(1) Matthew 5.39 – “But I say to you, Do not resist an evildoer. But if anyone strikes you on the right cheek, turn the other also.”
A slap on the cheek in Jesus’ day was a supreme insult. The slap raises the question of what we will do when people insult or disrespect us. A person with an inside condition that is controlled by Jesus will absorb the hurt and not slap back with disrespect in return.
Josh Monk was a very influential leader at Maywood Baptist Church until he died from brain cancer a few years ago. Josh gave us a saying, “Don’t talk about it, be about it.” I actually think that saying originated with his former life that was lived quite apart from Jesus. If someone disrespected him, he was ready for action not talk.
Jesus changed Josh’s heart and the saying also changed in meaning. The “being about it” became to Josh a way of forgiveness. Josh developed what he called a “Jesus pass.” When he was offended, he would mimic pulling out a slip of paper and handing it to the offending party. He would say, “You just got a Jesus pass.”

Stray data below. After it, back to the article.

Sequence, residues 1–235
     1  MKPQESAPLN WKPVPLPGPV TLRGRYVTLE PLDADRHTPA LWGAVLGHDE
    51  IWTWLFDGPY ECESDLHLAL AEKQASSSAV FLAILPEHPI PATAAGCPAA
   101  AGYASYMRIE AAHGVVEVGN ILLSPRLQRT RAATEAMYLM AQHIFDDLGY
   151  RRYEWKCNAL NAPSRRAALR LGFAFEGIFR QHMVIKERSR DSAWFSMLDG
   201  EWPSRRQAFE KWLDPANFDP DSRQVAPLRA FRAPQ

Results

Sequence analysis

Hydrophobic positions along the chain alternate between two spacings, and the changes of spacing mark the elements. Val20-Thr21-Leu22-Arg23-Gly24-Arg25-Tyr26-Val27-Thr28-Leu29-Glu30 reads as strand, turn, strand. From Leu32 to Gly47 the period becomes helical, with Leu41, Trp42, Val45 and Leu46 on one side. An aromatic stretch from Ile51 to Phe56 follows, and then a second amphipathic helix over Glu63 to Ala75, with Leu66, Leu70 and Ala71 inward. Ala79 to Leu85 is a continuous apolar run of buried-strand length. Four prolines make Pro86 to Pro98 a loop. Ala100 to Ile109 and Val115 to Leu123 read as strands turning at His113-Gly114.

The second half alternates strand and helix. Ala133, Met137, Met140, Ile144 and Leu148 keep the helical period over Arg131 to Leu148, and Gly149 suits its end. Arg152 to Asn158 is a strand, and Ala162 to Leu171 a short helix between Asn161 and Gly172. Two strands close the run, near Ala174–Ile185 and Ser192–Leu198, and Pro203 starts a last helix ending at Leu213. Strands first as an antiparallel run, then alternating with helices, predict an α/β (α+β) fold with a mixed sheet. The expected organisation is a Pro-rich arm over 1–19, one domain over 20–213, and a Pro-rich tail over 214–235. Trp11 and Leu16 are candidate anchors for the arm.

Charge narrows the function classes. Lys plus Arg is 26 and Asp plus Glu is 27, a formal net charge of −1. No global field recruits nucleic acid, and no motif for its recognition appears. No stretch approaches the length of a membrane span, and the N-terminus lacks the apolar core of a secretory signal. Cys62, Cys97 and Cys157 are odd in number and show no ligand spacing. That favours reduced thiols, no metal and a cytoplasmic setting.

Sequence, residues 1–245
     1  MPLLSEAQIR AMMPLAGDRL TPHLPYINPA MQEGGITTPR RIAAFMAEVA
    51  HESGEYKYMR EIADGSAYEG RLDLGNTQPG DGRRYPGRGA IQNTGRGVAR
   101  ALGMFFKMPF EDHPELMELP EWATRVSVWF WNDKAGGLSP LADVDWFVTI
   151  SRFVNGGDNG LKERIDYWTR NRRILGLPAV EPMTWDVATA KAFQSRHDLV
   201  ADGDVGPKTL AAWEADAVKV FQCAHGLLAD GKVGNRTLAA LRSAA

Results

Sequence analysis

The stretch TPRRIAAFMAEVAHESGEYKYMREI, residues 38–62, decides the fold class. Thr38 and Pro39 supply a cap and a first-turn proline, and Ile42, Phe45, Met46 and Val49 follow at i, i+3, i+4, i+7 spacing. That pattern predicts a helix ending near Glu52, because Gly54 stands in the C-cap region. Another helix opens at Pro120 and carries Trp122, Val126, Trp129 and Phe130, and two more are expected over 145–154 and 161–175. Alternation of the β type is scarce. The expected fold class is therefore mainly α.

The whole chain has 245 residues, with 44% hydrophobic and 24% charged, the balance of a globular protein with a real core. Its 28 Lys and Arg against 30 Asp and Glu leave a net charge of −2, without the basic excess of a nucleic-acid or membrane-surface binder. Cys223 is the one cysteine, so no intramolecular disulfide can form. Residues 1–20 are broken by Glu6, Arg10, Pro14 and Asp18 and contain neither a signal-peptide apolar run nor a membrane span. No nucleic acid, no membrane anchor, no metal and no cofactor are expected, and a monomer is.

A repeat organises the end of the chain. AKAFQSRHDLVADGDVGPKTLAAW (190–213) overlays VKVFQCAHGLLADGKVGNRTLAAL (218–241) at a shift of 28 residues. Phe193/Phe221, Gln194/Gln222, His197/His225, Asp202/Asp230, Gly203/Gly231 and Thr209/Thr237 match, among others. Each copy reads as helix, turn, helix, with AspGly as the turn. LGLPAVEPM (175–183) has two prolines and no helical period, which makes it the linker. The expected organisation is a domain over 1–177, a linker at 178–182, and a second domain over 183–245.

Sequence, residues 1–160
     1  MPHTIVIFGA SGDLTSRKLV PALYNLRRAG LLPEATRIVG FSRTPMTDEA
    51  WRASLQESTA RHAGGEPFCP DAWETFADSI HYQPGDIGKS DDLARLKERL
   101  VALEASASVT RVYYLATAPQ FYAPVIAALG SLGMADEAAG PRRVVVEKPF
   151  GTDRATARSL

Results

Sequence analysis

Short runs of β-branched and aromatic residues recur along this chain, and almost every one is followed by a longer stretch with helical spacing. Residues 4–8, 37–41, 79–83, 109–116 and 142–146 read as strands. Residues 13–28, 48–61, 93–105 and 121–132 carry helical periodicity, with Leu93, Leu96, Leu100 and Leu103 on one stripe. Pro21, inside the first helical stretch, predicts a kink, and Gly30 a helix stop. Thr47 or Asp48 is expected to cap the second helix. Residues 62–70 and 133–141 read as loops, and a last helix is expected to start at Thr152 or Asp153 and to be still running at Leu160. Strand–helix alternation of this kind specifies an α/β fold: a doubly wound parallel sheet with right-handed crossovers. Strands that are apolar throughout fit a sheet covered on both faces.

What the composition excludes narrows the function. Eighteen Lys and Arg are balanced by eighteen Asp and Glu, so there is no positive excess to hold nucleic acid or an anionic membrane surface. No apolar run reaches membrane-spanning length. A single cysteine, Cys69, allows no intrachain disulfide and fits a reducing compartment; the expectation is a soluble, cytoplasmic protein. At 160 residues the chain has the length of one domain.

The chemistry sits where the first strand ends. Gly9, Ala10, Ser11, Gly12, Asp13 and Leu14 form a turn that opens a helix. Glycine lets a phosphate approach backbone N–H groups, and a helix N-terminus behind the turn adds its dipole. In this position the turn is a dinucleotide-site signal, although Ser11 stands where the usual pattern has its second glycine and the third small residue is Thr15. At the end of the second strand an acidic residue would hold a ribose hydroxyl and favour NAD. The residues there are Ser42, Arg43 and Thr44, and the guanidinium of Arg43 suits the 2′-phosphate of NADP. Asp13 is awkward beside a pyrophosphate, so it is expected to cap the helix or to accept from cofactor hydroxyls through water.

Josh did not do this because of some external law making him perform in such a way. He did it, because he experienced Jesus’ creative justice that made him into a new person. His inside condition allowed him to respond in this manner like Jesus.
(2) “And if anyone wants to sue you and take your coat, give your cloak as well” (Matthew 5.40).